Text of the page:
Commercial Flooring Experts

Certified Woman Business
Enterprise (WBE)

NYS WBE #59619


– Owner triples revenues of Gates company she acquired in 2015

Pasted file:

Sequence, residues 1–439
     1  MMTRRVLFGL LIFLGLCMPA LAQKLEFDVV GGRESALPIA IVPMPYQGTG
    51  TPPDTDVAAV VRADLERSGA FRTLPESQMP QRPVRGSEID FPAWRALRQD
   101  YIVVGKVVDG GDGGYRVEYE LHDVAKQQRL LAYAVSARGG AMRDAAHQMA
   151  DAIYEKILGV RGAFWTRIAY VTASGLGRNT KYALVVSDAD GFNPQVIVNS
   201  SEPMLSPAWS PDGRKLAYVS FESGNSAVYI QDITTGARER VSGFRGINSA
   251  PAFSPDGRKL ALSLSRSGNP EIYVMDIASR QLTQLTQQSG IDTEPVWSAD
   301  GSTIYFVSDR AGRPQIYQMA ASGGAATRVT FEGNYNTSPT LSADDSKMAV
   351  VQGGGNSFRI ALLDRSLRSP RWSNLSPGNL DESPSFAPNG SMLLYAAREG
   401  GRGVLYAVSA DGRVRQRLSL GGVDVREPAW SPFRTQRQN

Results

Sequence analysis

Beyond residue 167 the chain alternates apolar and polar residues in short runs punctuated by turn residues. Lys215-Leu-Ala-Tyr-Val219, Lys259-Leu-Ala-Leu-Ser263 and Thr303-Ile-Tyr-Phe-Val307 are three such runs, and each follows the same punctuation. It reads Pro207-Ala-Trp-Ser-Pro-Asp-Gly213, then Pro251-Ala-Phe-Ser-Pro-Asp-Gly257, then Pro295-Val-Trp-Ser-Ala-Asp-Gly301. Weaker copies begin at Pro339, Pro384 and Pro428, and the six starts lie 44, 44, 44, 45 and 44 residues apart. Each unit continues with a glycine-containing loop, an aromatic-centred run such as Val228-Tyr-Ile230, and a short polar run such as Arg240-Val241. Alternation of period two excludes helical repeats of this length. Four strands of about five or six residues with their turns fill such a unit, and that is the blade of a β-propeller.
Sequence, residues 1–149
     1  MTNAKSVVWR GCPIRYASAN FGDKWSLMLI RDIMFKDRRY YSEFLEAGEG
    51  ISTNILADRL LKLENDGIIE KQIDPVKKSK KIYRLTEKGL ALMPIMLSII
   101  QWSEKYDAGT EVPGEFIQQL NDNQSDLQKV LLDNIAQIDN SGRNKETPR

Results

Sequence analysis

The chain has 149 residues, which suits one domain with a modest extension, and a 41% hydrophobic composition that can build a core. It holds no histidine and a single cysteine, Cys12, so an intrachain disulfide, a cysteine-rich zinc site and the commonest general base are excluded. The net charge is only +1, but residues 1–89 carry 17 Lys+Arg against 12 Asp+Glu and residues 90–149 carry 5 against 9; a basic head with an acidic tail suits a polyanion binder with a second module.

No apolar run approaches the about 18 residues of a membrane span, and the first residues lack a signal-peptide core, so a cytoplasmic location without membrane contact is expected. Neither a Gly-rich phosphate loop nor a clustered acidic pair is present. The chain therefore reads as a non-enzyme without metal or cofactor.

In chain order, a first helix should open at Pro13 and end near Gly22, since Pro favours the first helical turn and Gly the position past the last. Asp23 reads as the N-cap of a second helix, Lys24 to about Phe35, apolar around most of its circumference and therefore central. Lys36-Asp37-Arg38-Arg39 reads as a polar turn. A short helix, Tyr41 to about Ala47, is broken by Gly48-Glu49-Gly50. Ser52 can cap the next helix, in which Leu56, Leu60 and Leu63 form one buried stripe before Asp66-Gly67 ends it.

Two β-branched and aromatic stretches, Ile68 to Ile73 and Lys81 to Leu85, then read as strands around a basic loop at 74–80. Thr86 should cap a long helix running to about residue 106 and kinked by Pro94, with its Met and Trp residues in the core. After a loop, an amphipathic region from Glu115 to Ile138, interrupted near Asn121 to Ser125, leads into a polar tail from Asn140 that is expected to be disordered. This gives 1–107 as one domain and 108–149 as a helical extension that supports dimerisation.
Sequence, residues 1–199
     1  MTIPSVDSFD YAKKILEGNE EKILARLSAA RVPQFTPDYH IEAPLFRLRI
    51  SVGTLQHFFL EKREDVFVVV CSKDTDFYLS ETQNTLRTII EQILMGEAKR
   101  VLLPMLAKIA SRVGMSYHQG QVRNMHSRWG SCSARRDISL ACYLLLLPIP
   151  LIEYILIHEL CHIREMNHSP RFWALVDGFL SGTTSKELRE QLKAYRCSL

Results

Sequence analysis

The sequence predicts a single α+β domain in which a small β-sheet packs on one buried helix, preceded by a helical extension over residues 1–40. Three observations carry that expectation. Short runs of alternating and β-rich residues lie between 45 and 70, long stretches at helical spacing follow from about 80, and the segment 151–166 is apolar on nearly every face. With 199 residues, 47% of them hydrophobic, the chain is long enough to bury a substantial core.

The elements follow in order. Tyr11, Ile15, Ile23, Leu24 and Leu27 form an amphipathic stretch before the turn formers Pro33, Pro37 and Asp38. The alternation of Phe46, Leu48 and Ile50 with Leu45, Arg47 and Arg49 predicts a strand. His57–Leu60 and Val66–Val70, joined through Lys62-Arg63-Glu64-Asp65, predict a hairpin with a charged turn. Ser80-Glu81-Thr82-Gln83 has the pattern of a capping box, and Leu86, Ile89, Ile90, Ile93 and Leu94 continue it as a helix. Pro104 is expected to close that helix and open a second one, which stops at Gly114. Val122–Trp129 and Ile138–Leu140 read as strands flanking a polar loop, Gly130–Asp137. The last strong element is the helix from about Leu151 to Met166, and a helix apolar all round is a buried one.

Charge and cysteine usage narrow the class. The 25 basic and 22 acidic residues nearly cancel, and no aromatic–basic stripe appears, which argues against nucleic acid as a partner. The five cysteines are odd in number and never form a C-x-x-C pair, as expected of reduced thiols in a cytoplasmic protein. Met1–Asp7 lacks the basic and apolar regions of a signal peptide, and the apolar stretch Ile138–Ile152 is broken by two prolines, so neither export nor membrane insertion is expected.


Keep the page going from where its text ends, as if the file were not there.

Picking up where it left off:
Abby Reinhard admits it’s at first a little difficult to draw a parallel between her educational background and the business she chose to own and operate. She earned a bachelor of arts degree from the University of Michigan in organizational studies and a master’s of education degree from Harvard University in the special studies program. That’s hardly the prescribed pathway into an ancillary sector of the construction industry as the supplier of commercial flooring products. Yet here she is, halfway through her fifth year as the owner and president of GP Flooring Solutions in Gates. Since buying the firm from the founder, George Hage, in January 2015, Reinhard has changed the name from GP Land and Carpet Corp., more than quadrupled the number of employees (from nine to 39), more than tripled revenues and relocated from Brockport into a spiffy, new amenities-laden space on Marway Circle in Gates. Oh, and she was also named Business Person of the Year by the Small Business Council of Rochester last fall. Not everyone is necessarily impressed, however. She was attending a social event last summer when she ran into the stepmother of a childhood friend. They chit-chatted briefly and then Reinhard was asked what she was doing in life. Quite gleefully she said she owned a flooring company. The response: “Oh … well, you do what you have to do.” Well, no, actually, she does what she chooses to do — and she does it very well, according to those who work for her and with her. “At my first meeting with Abby, I will be honest, I was a little apprehensive,” said Thom Curatalo, account executive for international flooring firm Tarkett. “The flooring business in Upstate New York has some deep roots. “But she does things at a different level. She’s so sincere and you can just see the ambition in her eyes.” That passionate desire to immerse herself in everything that was her new venture was evident from Day 1 as the new owner. “I was amazed with how much she learned in such a short time,” said Linda Nauerth, the administrative manager who started with the company in 1991. “She really just took the bull by the horns. “I was so intimidated by her at first. She’s so smart and I figured she’d just think I’m this little country bumpkin from Brockport. But once you know her, you want to be around her because she’ll make you better. She’s invigorating. She has new sights and a new vision.” The 40-year-old Reinhard has made this venture work because, she believes, the fundamentals of operating a successful business don’t necessarily need to change based on the industry. It’s a lot of people skills and life skills, and those were areas of expertise she knew she’d draw from when she left Harvard. “I had the initial plan of getting into leadership development,” said Reinhard, who grew up in Pittsford and is a 1996 graduate of Sutherland High School. “And then I decided to get married and have a family and move back to Rochester.” ‘Let’s buy a business’ Upon her return, she did her own consulting work in marketing communications and fundraising while her husband, Josh Reinhard, was working as a general contractor. But then she was bit by the business ownership bug. “I was ready for something new,” she said, “and a friend had bought a business (in manufacturing), and that was enlightening to me. ‘Wow, just buy a business.’ “So my husband and I started talking about this idea. We probably dug into about 13 or 14 different businesses and about half were in construction, which does align with my husband’s background.” One was in furniture, another had something to do with mirrors. “I literally don’t remember them all because, to me, they were not memorable opportunities,” she said. That was also her reaction when she learned GP Land and Carpet was available. “When I found out about the flooring opportunity I said, ‘Flooring … really? That’s not sexy, that’s not exciting,” Reinhard said. “But we dug into it and we knew something of the owner, and learned to really appreciate this industry. ” Part of their appreciation was its place in the world. A hospital, courtroom or office building isn’t going to have dirt floors, right? “Flooring is something every organization needs,” Reinhard said. “It needs to be replaced, it needs to be